Now that Apples security has improved they are crying unfair when someone comes after them. These big multi-nationals are used to doing whatever they want and getting away with it.That is why they are pushing the TPP, so they can continue to do whatever they want ever they want and local national laws and regulations will not apply to them ” if it impedes their pursuit of profits”- nice deal if you can pull it off

    • ” Wall St, Apple, Samsung and other tech companies went on a run against Blackberry stock”
      Please! Nobody ‘went on a run against Blackberry stock’. Blackberry did not keep up with Apple and Samsung in innovating and their phones became outdated and outmoded. Sales fell and the stock price followed. There was no collusion or conspiracy to “get” Blackberry. The company did it to themselves.

  3. The USA was founded under a set of laws derived from the Constitution. This document and its amendments provide clear protections for our civil liberties. Since 9-11 and our knee jerk reaction of the “Patriot” Act which is a complete afront to those liberties and the after math of the NSA and other alphabet soup organizations over reach of our Snowden information. I stand with Apple, Google,etc in saying NO to the cleverly public effort by the FBI to weaken again our little bastion of privacy left. Sorry FBI you loss.

  4. The action by FBI is nothing more than a fishing expedition. FBI is assuming that the phone contains incriminating data. It probably is a safe assumption but it is only an assumption nevertheless. Let’s not be naive, if FBI prevails in forcing Apple to crack the phone, anybody whose number is .listed on that phone will be not only be placed under surveillance but also vigorously interrogated. FBI will make another assumption, that anyone who knew these people must automatically be a terrorist.

  5. I don’t know much about iPhones. Are they saying that with iOS’s ‘built-in protection feature’ someone can destroy all the data on someone else’s iPhone simply by entering an incorrect PIN 10 times? How are they safe from curious little kids and malicious a-holes who happen to get their hands on your phone?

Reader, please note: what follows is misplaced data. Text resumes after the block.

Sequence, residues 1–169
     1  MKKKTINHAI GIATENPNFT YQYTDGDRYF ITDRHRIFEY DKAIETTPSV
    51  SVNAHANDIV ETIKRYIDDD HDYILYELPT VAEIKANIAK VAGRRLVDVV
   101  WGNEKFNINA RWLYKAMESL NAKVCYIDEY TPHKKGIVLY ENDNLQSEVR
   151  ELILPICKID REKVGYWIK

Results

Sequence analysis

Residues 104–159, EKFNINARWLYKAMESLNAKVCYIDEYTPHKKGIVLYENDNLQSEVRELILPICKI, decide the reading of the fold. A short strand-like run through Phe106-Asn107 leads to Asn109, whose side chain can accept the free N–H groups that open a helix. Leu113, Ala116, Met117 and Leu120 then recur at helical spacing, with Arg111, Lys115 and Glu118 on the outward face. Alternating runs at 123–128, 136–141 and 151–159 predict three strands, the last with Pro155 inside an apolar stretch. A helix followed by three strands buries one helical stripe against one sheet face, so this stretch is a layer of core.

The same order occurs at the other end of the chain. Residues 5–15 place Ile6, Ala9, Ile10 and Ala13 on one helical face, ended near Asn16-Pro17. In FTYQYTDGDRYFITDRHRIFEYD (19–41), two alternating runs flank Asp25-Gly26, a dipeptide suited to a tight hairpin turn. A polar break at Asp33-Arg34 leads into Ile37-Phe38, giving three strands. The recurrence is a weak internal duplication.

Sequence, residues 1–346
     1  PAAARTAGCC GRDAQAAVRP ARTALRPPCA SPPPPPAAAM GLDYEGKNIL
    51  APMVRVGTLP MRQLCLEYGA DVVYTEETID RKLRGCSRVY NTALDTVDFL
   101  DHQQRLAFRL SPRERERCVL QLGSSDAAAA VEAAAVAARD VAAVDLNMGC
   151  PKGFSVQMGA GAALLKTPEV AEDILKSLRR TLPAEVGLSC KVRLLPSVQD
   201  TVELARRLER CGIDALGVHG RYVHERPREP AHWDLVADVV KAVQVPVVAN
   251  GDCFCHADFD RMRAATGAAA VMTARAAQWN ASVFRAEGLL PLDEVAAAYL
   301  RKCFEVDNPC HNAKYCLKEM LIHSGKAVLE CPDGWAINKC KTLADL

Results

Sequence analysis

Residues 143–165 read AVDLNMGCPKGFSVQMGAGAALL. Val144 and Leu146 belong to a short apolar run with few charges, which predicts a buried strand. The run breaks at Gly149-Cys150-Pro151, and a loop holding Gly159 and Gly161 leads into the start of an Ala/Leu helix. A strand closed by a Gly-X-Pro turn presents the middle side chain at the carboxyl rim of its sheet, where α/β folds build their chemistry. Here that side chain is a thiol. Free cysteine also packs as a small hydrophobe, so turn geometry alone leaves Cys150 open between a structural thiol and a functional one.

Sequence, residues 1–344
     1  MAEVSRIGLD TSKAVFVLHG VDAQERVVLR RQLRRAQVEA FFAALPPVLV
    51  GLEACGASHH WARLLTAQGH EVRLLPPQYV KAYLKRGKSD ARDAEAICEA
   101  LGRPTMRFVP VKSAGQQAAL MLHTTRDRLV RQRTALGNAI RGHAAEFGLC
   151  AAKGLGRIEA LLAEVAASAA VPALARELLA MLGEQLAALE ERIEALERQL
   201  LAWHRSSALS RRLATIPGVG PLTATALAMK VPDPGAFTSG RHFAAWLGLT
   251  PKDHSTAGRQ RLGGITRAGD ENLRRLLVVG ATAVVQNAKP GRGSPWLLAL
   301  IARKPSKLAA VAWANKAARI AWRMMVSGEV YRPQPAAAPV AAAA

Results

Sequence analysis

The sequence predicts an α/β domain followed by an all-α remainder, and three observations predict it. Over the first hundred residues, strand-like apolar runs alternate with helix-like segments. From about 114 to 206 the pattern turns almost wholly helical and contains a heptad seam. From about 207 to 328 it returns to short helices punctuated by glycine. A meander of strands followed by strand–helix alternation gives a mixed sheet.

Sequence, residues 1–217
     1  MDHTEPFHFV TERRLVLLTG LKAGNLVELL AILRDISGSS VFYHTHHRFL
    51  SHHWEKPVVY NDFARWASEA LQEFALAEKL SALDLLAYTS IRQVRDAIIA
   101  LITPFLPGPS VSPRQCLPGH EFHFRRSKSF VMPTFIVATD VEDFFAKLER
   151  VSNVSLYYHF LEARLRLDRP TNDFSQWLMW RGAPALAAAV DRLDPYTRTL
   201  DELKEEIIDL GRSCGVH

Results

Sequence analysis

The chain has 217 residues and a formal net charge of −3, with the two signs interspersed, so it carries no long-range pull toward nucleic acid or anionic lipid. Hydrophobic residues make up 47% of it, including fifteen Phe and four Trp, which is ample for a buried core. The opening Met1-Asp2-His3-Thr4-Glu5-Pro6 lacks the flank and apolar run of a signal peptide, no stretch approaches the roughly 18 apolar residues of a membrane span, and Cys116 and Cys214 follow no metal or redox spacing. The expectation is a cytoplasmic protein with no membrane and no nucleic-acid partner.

6. From what they have said on the news all the data they need is available at the NSA. The NSA doesn’t want to admit they have the data. The conundrum has come from those fearful of Big Brother. So now what?

  7. This article which claims to provide “Everything You Need to Know about Apple vs the FBI” is sorely lacking. It doesn’t go into the specifics of this case whatsoever. What about the attempt by the FBI and/or the San Bernandino County Health Dept to reset the phone’s iCloud account password in order to access the last backup made of the phone’s contents (the most recent backup unfortunately for authorities was on Oct 19)? How about Apple’s efforts to send some of its tech people to assist by trying to connect the phone to an open Wi-Fi network in hopes that the phone was set to backup automatically to iCloud in order to access that backup? There is no mention of the unsuccessful efforts made by both Apple and the FBI to access the contents of the phone prior to reaching the decision that the only way to access the contents of the phone was to circumvent the security of the phone in order to access the phone directly. I think that the circumstances leading up to this request/court order should be included in “Everything You Need to Know….” That’s the problem with the media. We are only given part of the facts/story and expected to inform an opinion.